• Digital payments: Electronic payments – such as Apple Pay, Google Pay, QR code payments, mobile wallets and contactless payments – are at the epicentre of the financial revolution. According to PwC, digital payment systems and money transfers are supporting the development of digital economies and driving innovation – functioning as a stable backbone for economies worldwide.
  • Neobanking: Neobanks are 100% digital banking experiences – such as the likes of Chime, Monzo or Starling. These organisations use apps and other online interfaces to serve customers as opposed to physical, bricks-and-mortar outlets.
  • Alternative financing and alternative lending: This encompasses financial channels, instruments and processes that exist outside of traditional financial institutions and banking systems such as capital markets and regulated banks. Alternative financing routes include crowdfunding, revenue-based financing, peer-to-peer consumer and business lending, and online lenders.
  • Digital investment: Digital investment platforms use automated business management and financial functions to allow individuals to save and invest money and increase their profitability – for example, via investment funds, stocks and shares.

Fintech and its digitalisation offers greater flexibility and innovation within business models. One of the most-critical benefits offered by the fintech sector is the ability to provide financial products, services and access at far greater speeds and with less strict requirements and lengthy applications.

Where next for fintech?

Now global fintech has secured a firm foothold, what developments are likely to follow?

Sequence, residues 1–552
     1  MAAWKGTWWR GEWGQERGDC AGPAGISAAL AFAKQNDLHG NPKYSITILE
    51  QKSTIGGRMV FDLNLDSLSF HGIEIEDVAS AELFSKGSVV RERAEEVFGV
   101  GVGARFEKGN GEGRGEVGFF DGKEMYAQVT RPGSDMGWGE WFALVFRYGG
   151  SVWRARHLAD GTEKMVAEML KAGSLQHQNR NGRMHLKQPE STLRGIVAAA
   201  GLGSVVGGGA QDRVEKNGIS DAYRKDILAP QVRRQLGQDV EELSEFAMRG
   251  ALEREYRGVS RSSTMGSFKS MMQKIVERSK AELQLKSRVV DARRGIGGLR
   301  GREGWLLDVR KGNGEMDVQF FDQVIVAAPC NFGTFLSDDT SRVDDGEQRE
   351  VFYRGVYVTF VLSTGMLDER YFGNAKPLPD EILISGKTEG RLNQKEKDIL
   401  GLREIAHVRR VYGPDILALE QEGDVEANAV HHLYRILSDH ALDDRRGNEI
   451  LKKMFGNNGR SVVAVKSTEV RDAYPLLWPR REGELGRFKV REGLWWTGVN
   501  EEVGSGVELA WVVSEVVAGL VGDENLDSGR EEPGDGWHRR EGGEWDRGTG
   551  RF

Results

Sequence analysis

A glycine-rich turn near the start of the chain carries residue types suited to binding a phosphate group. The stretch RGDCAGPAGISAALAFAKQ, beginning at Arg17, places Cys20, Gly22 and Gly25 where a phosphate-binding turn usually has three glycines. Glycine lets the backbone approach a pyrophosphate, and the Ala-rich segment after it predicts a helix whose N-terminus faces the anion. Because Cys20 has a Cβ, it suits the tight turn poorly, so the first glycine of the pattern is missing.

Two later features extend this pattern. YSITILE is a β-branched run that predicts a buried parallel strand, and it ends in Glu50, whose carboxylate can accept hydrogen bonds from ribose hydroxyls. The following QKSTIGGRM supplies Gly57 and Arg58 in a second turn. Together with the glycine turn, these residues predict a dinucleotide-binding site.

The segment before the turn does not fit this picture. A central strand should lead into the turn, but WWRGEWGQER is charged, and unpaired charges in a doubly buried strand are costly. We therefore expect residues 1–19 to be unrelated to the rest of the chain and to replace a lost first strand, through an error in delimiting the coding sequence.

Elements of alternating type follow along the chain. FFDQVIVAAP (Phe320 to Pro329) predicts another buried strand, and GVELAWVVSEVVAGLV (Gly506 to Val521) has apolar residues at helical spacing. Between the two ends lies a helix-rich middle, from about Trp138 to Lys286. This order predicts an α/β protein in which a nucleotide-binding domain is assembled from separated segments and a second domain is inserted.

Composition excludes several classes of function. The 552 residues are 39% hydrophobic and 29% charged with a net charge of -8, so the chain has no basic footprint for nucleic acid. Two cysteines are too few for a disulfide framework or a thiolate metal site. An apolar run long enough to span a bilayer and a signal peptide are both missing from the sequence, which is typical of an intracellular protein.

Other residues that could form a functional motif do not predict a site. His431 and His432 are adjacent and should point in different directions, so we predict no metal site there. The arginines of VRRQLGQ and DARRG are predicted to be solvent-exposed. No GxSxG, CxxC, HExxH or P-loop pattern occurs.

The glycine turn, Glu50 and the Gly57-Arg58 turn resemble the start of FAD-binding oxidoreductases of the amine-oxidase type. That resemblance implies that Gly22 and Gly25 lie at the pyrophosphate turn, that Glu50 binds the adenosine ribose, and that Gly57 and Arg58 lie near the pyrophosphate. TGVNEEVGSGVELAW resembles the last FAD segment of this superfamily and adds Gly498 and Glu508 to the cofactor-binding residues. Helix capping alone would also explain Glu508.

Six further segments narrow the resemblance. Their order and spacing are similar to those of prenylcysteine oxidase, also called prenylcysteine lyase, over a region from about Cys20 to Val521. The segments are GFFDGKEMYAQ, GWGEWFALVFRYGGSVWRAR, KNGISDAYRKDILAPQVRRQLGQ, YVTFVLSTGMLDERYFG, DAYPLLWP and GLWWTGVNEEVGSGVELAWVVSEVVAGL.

There are a number of key predictions for the future of fintech, including: the rise of digital one-stop-shops solutions for consumers; embedded finance; ESG-focused fintech services; foreign exchange solutions for SMEs; a greater focus on targeting jurisdictions with underdeveloped financial services; and fintech companies rebranding themselves as data-focused organisations.

To take one example in more detail, embedded finance is on the rise. It focuses on the seamless integration of financial services into traditionally non-financial platforms. For customers, it presents the opportunity to access financial services in relation to what they are doing; common examples include ‘buy-now-pay-later’ initiatives, such as Klarna, as part of retail website payment options, or a parking app that includes an in-built payment solution. Embedded finance seeks to improve the customer experience – a key driver for the majority of fintech developments. Financial providers will need to continuously evolve their offerings to ensure that they remain competitive; artificial intelligence and machine learning, alongside technologies such as robo-advisors, are pivotal to this.

However, such evolution and advancement are not without issues: some experts claim that fintech could give rise to the next financial crisis if it isn’t more tightly regulated. Each new opportunity and change to an existing operating model brings with it a degree of risk. Greater consistency of technology standards, and greater regulatory coordination across industries, can help to ensure financial stability. Without such measures, both financial and non-financial risks will intensify; for example, cybersecurity issues and threats to data privacy.